Tonight, I attended a candlelight vigil for a young Columbus man who went missing on March 5th. He was a young gay man. He had been out with friends at a bar that I sometimes go to. I don’t remember ever meeting him, but I’m sure that we occupied the same space at some point. I’ve heard that Columbus is a big city that feels like a small town, and it’s a true statement. It’s still the kind of city where running into random friends and acquaintances happens. If the overall city feels that way, you can imagine what it is to be within the even smaller LGBTQ community. Even if you don’t know someone personally, you’ve been in a room with them, you’ve seen their face. There aren’t that many degrees of separation between any of us.
The young man’s name was Joseph “Joey” LaBute, Jr. Shortly after he went missing, people started sharing things about the disappearance via social media. On Saturday, March 12th, over 200 people participated in a search of the surrounding neighborhood where Joey was last seen. Nothing was found. This past Tuesday afternoon, it was a announced that the body of a young man in his 20’s had been pulled from the Scioto River. No identification was released. There was an autopsy conducted to determine the cause of death, but it was inconclusive. The whole community waited anxiously while dental records were obtained to match them to the body that was found. Today, it was announced that the body was indeed Joey LaBute.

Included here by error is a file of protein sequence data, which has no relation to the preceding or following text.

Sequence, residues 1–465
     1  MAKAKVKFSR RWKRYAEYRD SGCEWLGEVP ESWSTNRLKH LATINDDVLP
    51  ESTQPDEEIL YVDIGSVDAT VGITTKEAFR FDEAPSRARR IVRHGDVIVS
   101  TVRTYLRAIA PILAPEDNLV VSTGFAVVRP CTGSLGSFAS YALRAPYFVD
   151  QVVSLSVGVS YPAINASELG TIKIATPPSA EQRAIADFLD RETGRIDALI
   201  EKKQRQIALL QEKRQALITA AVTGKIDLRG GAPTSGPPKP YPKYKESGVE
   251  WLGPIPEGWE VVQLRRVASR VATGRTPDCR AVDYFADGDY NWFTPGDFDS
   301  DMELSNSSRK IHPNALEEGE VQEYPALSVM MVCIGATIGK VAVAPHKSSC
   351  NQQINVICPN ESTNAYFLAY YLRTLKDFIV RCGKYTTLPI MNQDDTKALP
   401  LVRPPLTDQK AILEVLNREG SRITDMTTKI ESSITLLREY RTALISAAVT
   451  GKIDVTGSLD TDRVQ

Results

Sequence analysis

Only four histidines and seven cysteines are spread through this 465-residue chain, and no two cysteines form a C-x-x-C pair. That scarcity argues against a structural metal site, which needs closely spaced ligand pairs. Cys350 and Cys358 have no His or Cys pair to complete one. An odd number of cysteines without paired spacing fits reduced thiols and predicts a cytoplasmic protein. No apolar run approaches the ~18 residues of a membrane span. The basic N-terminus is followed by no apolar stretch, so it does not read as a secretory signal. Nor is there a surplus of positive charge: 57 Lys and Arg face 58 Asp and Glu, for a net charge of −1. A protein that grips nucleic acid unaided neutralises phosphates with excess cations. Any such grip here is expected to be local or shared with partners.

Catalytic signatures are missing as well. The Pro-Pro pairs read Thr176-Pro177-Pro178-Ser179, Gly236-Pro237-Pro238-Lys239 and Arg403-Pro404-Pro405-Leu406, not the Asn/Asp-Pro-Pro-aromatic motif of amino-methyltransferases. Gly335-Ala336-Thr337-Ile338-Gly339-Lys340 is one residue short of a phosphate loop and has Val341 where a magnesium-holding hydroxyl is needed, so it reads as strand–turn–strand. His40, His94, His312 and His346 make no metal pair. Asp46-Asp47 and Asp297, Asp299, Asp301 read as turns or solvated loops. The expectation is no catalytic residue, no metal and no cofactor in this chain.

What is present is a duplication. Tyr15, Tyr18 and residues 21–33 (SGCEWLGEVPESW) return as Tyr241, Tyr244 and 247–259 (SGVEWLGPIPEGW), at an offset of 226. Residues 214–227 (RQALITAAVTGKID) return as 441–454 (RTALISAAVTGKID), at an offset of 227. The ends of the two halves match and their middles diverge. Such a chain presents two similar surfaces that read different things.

All through this the reaction and response from the LGBTQ community and our allies here in Columbus has been comforting. In so many ways, this case touches all of us. So many of us have left a bar with someone we met or accepted a drink bought for us by someone else. Of course, no one knows, yet, the exact circumstances of Joey’s disappearance, but the unsettling part is that this could happen to any of us. I try to be so careful. I normally only go out in groups. I always make sure that there are one or two people in the circle whom I trust implicitly, Joey was with a group of friends that night, people he trusted, and whatever happened, it still happened to him.
Earlier today, the aforementioned vigil was put together. Like everything else involving this situation, it spread like wild fire across social media, being shared over 700 times. It was a simple gathering and brief due to the threatening storm overhead, but it was something. It wasn’t enough, of course. Nothing ever is in these circumstances, but it was good. It was healing. It felt good to be surrounded by so many familiar and unfamiliar faces all gathered for the same purpose. Collectively, we have been wounded, and even though we still crave answers that may never come, we can be there for each other as we start to move forward from this tragedy and reminder of our own vulnerability.
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